For more information about Choteau visit  http://www.cityofchoteau-mt.gov
     The Old Trail Museum in Choteau, Montana send their birthday wishes to Saint Louis on its 250th birthday - which is pretty young -  in geologic time.

For more on the Old Trail Museum   http://oldtrailmuseum.org

     Mayor Sam Tidball of Fort Pierre, South Dakota, wishes Saint Louis a happy 250th birthday from the site of the original Fort Pierre Chouteau.
     The first Europeans to visit these iridescent grasslands on the southern bank of the Upper Missouri River were the expedition led by brothers Francois and Louis-Joseph Verendrye. In 1913 group of children discovered a claim for France engraved on a lead tablet left by the Verendryes in 1743.
     Lewis and Clark's Corps of Discovery avoided a violent confrontation with a band of Sioux warriors near this spot in 1804. This incident prompted Clark to name the Missouri tributary the "Bad River."
     The original trading post was established near the confluence of the Bad and Missouri Rivers as Fort Teton in 1817.  Later renamed Fort Pierre Chouteau, the commercial operation  received and processed hundreds of thousands of beaver pelts, deer skin and buffalo hide during its decades as a trading post before the US Army bought it in 1855.
 
This historical marker preserves the spot described in 1832 by painter George Catlin as being located "in the centre of one of the Missouri's most beautiful plains, hemmed in by a series of gracefully undulating, grass-covered hills, on all sides...."

Interested in Fort Pierre ?  http://www.fortpierre.com

   Mayor Laurie Gill of Pierre, South Dakota graciously interrupted her busy day to wish Saint Louis a happy 250th birthday when I visited in June, 2013. The only state capital named for a member of the Chouteau family, Pierre began as ferry landing across the river from Fort Pierre Chouteau. A causeway stretches from the Pierre riverfront across a channel of the Missouri to La Framboise Island.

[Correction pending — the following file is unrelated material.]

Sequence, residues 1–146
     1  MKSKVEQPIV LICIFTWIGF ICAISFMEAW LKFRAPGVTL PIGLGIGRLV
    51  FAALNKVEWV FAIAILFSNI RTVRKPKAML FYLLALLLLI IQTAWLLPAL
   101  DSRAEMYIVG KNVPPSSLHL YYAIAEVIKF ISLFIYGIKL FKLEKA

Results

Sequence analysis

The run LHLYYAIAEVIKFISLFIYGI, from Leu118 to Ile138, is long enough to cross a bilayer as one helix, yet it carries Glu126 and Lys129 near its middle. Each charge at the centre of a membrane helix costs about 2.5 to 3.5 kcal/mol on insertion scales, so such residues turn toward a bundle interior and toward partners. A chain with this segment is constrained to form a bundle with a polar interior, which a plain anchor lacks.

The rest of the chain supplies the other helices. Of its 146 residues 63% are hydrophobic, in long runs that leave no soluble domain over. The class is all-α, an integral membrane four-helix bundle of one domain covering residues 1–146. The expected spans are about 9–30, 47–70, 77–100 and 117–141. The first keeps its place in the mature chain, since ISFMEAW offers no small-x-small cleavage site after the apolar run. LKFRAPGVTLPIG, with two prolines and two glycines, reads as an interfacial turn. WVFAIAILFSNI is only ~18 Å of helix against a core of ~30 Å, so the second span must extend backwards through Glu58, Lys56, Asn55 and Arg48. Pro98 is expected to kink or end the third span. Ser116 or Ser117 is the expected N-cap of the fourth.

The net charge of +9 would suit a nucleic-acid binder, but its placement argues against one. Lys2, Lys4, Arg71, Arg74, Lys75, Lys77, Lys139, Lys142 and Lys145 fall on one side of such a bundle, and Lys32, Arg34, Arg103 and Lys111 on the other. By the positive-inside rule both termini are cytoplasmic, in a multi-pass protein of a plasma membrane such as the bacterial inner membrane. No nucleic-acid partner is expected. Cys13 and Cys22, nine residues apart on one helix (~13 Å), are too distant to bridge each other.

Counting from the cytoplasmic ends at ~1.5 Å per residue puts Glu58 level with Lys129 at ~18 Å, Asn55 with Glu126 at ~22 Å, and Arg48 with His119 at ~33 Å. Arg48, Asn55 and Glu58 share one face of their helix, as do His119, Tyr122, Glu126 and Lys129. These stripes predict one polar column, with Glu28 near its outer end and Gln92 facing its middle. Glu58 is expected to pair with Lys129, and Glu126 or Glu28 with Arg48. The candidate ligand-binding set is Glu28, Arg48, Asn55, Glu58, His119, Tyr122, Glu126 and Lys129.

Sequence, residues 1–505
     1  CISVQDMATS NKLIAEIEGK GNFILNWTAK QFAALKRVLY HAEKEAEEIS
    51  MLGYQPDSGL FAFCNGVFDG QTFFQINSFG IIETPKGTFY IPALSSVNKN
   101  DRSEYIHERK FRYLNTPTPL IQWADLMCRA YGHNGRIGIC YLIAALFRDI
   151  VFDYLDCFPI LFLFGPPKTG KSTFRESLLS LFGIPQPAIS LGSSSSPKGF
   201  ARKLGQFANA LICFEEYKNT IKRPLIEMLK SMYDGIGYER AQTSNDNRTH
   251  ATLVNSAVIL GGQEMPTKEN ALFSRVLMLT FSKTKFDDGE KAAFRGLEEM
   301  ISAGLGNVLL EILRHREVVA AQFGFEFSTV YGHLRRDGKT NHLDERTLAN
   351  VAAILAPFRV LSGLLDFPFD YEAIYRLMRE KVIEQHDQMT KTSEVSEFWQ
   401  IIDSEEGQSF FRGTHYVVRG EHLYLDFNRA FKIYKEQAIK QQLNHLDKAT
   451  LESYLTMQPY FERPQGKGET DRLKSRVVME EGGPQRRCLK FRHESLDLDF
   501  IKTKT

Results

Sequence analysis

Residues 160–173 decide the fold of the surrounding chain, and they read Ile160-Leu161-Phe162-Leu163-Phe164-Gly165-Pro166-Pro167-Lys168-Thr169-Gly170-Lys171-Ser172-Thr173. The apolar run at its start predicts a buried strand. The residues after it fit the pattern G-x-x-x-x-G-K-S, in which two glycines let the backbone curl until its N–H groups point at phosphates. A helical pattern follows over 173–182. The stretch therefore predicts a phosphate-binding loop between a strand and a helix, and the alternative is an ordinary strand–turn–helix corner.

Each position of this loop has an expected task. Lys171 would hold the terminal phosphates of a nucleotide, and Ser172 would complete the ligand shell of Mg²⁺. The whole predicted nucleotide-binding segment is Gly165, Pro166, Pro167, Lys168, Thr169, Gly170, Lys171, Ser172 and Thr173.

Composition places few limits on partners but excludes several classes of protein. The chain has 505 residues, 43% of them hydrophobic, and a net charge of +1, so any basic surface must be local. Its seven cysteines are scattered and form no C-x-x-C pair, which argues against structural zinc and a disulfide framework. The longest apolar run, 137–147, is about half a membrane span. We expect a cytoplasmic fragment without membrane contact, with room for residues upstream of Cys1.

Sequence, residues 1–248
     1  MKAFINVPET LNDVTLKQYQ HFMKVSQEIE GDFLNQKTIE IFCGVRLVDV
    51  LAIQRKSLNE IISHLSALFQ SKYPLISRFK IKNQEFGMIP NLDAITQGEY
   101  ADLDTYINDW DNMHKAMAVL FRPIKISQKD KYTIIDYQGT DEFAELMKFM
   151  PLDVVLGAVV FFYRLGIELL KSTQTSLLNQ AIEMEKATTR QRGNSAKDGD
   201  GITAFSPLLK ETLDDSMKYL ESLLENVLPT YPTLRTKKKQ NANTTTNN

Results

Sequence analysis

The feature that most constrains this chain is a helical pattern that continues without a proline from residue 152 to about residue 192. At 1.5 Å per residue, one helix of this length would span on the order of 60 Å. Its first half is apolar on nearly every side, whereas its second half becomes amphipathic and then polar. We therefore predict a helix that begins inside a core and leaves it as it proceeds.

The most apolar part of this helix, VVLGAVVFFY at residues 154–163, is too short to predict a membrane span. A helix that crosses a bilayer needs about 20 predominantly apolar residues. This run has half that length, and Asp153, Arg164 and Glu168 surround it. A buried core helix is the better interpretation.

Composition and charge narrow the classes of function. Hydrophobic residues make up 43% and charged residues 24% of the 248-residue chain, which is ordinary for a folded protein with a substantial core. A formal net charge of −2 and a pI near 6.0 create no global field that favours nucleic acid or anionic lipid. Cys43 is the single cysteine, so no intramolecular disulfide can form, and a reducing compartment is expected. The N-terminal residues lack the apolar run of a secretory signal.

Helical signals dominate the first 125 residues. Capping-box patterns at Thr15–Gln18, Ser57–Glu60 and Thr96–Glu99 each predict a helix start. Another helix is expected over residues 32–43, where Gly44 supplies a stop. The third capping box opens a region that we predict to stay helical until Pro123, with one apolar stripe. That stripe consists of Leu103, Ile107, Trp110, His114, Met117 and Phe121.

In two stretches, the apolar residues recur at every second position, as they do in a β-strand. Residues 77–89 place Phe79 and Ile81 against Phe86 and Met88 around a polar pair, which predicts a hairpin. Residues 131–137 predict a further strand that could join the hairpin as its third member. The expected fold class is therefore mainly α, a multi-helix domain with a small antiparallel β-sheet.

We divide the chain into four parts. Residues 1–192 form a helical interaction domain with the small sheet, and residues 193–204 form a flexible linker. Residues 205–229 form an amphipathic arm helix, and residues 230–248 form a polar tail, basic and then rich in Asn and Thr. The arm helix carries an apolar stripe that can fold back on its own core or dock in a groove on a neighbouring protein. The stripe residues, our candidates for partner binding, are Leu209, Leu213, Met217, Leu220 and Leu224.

The locals pronounce their city's name "Peer".

To learn more about Pierre, SD, visit:  http://ci.pierre.sd.us
     Mayor Richard Morris of Fort Benton, Montana wishes Saint Louis a happy 250th birthday from the veranda of the historic Grand Union Hotel.
     Fort Benton was established in 1847 by the Chouteau brothers Pierre Cadet and Auguste. Supporters of  Missouri Senator Thomas Hart Benton, the Chouteaus and Benton shared a passion for westward expansion. The brothers named the post in his honor. This was the disembarkation point for steamboat travellers heading west.
     One of Fort Benton's most colorful characters was Eleanor Dumont. Dumont ran a faro snap and dealt blackjack - moving her game from mining camp to boom town across the Old West. By the time she arrived in Fort Benton in the 1860's she sported a fuzzy growth on her upper lip, which earned her the nickname "Madame Mustache." She operated out of a second story room above a joint called "The Jungle" on Front Street, not far from the Grand Union. This block of town was dubbed "the bloodiest block in the West" because of the concentration of saloons, brothels, dance halls and gambling dens.

For more information about Fort Benton, MT:   http://www.fortbenton.com